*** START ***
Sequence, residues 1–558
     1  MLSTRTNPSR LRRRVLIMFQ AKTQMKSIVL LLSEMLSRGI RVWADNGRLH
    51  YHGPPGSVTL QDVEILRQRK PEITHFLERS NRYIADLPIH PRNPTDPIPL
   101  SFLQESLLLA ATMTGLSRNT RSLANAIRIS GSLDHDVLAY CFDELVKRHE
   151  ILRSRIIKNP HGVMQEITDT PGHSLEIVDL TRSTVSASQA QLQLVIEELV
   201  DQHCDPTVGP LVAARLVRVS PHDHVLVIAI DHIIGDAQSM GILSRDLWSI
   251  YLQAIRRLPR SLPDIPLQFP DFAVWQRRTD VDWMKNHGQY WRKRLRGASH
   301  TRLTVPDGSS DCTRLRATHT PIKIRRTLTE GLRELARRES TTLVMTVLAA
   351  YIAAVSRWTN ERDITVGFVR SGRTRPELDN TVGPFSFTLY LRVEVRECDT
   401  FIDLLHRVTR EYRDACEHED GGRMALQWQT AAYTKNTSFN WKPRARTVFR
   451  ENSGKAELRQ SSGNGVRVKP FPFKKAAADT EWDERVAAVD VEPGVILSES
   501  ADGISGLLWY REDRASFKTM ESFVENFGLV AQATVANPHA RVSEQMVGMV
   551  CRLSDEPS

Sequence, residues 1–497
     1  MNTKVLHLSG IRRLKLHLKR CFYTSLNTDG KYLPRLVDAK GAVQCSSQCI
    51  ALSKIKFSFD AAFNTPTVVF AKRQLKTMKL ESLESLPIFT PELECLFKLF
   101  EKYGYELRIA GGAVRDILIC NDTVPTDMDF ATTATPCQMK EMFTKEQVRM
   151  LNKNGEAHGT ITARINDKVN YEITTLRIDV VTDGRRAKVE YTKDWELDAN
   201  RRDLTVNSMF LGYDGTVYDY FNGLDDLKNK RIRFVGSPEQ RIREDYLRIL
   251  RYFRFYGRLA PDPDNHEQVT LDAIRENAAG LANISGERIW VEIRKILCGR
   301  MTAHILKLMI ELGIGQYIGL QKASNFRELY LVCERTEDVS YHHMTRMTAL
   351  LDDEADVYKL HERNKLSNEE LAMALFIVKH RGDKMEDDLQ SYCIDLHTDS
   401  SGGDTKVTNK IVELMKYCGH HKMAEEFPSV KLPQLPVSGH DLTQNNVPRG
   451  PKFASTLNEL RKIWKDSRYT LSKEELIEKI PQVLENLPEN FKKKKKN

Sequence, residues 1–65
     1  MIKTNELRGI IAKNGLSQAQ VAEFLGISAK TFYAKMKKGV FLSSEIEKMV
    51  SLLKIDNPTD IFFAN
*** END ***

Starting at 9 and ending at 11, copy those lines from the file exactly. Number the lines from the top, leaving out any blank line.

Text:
   351  YIAAVSRWTN ERDITVGFVR SGRTRPELDN TVGPFSFTLY LRVEVRECDT
   401  FIDLLHRVTR EYRDACEHED GGRMALQWQT AAYTKNTSFN WKPRARTVFR
   451  ENSGKAELRQ SSGNGVRVKP FPFKKAAADT EWDERVAAVD VEPGVILSES